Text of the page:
References Top

1.Greenspan JS, Barr CE, Sciubba JJ, Winkler JR. Oral manifestations of HIV infection. Definitions, diagnostic criteria, and principles of therapy. The U.S.A. Oral AIDS Collaborative Group. Oral Surg Oral Med Oral Pathol 1992;73:142-4.  Back to cited text no. 1
    
2.Classification and diagnostic criteria for oral lesions in HIV infection. EC-Clearinghouse on Oral Problems Related to HIV infection and WHO Collaborating Centre on Oral Manifestations of Immunodeficiency Virus. J Oral Pathol Med 1993;22:289-91.  Back to cited text no. 2
    
3.Anil S, Challacombe SJ. Oral lesions of HIV and AIDS in Asia: An overview. Oral Dis 1997;3 Suppl 1:S36-40.  Back to cited text no. 3
    
4.Arendorf TM, Bredekamp B, Cloete CA, Sauer G. Oral manifestations of HIV infection in 600 South African patients. J Oral Pathol Med 1998;27:176-9.  Back to cited text no. 4
    
5.Ranganathan K, Reddy BV, Kumarasamy N, Solomon S, Viswanathan R, Johnson NW. Oral lesions and conditions associated with human immunodeficiency virus infection in 300 south Indian patients. Oral Dis 2000;6:152-7.  Back to cited text no. 5
    
6.Reznik DA. Oral manifestations of HIV disease. Top HIV Med 2005;13:143-8.  Back to cited text no. 6
    
7.Fabian FM, Kahabuka FK, Petersen PE, Shubi FM, Jürgensen N. Oral manifestations among people living with HIV/AIDS in Tanzania. Int Dent J 2009;59:187-91.  Back to cited text no. 7
    
8.Sontakke SA, Umarji HR, Karjodkar F. Comparison of oral manifestations with CD4 count in HIV-infected patients. Indian J Dent Res 2011;22:732.  Back to cited text no. 8
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9.Gilquin J, Weiss L, Kazatchkine MD. Genital and oral erosions induced by foscarnet. Lancet 1990;335:287.  Back to cited text no. 9
    
10.MacPhail LA, Greenspan D, Greenspan JS. Recurrent aphthous ulcers in association with HIV infection. Oral Surg Oral Med Oral Pathol 1992;73:283-8.  Back to cited text no. 10
    
11.Zhang X, Langford A, Gelderblom H, Reichart P. Ultrastructural findings in oral hyperpigmentation of HIV-infected patients. J Oral Pathol Med 1989;18:471-4.  Back to cited text no. 11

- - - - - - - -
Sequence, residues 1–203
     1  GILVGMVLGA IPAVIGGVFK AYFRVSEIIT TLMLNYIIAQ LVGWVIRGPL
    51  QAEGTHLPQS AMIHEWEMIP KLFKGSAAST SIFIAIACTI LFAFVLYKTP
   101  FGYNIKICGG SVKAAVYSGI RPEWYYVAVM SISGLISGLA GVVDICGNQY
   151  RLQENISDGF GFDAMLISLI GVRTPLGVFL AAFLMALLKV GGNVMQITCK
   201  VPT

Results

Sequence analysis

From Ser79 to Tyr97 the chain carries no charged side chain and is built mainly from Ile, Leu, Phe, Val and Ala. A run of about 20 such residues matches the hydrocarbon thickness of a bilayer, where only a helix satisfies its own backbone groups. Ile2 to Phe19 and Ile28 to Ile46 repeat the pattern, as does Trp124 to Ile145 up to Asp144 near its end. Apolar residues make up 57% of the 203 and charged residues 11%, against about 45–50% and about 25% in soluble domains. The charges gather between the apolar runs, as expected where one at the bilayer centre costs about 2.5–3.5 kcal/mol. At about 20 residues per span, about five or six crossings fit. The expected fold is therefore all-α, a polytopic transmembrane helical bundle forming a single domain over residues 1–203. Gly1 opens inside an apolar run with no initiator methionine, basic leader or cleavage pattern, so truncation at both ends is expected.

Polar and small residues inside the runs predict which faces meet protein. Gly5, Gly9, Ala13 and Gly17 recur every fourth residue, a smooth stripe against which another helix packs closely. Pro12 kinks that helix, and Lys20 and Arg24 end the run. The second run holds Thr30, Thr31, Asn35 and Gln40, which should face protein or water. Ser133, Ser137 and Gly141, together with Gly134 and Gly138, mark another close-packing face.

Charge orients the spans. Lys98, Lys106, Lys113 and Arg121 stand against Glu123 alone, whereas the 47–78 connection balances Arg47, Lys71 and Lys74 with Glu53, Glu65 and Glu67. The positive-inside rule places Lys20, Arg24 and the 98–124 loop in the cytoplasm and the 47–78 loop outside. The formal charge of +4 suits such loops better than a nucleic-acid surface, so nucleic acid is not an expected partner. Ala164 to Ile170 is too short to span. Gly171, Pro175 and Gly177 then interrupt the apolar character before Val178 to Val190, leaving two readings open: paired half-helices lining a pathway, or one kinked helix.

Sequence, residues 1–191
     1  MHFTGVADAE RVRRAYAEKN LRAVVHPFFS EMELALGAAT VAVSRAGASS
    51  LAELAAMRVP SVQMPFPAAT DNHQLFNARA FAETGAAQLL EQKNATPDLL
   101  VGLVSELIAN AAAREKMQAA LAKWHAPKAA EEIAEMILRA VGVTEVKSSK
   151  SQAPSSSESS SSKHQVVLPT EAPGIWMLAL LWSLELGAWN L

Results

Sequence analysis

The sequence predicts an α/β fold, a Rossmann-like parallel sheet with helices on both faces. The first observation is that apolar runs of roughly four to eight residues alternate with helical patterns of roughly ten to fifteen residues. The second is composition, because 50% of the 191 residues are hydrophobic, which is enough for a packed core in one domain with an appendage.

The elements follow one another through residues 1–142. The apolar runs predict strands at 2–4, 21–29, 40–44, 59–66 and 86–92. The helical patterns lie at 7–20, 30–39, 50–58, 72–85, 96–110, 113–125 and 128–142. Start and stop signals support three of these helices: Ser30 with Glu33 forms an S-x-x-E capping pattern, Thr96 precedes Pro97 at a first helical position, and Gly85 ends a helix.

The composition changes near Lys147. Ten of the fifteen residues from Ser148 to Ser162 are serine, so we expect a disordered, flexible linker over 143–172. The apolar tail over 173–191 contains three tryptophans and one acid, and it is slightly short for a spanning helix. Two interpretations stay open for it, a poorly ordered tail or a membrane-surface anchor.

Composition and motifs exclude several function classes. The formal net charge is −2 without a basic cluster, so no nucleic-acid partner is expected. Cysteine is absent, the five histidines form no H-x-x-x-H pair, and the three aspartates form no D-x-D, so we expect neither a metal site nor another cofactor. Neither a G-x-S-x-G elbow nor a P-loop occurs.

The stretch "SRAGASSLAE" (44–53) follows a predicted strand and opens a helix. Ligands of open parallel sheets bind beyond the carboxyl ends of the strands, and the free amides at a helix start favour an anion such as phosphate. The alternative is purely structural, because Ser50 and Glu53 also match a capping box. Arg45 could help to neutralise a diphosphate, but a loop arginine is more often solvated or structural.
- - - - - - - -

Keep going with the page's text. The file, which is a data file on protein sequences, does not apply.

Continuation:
12.Burkit′s Oral Medicine Diagnosis and Treatment, Infectious Diseases. 10 th ed. New Delhi: BC Decker Inc, Elsevier; 2003. p. 542.  Back to cited text no. 12
    
13.Ranganathan K, Umadevi M, Saraswathi TR, Kumaraswamy N, Solomon S, Johnson N. Oral lesions and conditions associated with human immunodeficiency virus infection in 1000 south Indian patients. Ann Acad Med Singapore 2004;33:37-42.  Back to cited text no. 13
    
14.Sharma G, Pai KM, Suhas S, Ramapuram JT, Doshi D, Anup N. Oral manifestations in HIV/AIDS infected patients from India. Oral Dis 2006;12:537-42.  Back to cited text no. 14
    
15.Taiwo OO, Hassan Z. HIV-related oral lesions as markers of immunosuppression in HIV sero-positive Nigerian patients. J Med Sci 2010;1:166-70.  Back to cited text no. 15
    
16.Bodhade AS, Ganvir SM, Hazarey VK. Oral manifestations of HIV infection and their correlation with CD4 count. J Oral Sci 2011;53:203-11.  Back to cited text no. 16
    
17.Naidu SG, Thakur R, Singh AK, Rajbhandary S, Mishra RK, Sagtani A. Oral lesions and immune status of HIV infected adults from eastern Nepal. Exp Dent 2013;5:e1-7.  Back to cited text no. 17
    
18.Silverman S Jr, Migliorati CA, Lozada-Nur F, Greenspan D, Conant MA. Oral findings in people with or at high risk of AIDS: A study of 375 homosexual males. J Am Dent Assoc 1986;112:187-92.  Back to cited text no. 18
    
19.Palmer GD, Robinson PG, Challacombe SJ, Birnbaum W, Croser D, Erridge PL, et al. Aetiological factors for oral manifestations of HIV. Oral Dis 1996;2:193-7.  Back to cited text no. 19
    
20.Delgado WA, Almeida OP, Vargas PA, Leon JE. Oral ulcers in HIV-positive Peruvian patients: An immunohistochemical and in situ hybridization study. J Oral Pathol Med 2009;38:120-5.  Back to cited text no. 20
    

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Correspondence Address:
Mayur Chaudhary
Department of Oral Pathology and Microbiology, Bharati Vidyapeeth Deemed University Dental College and Hospital, Pune - 411 043, Maharashtra
India
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Source of Support: None, Conflict of Interest: None


DOI: 10.4103/1755-6783.140250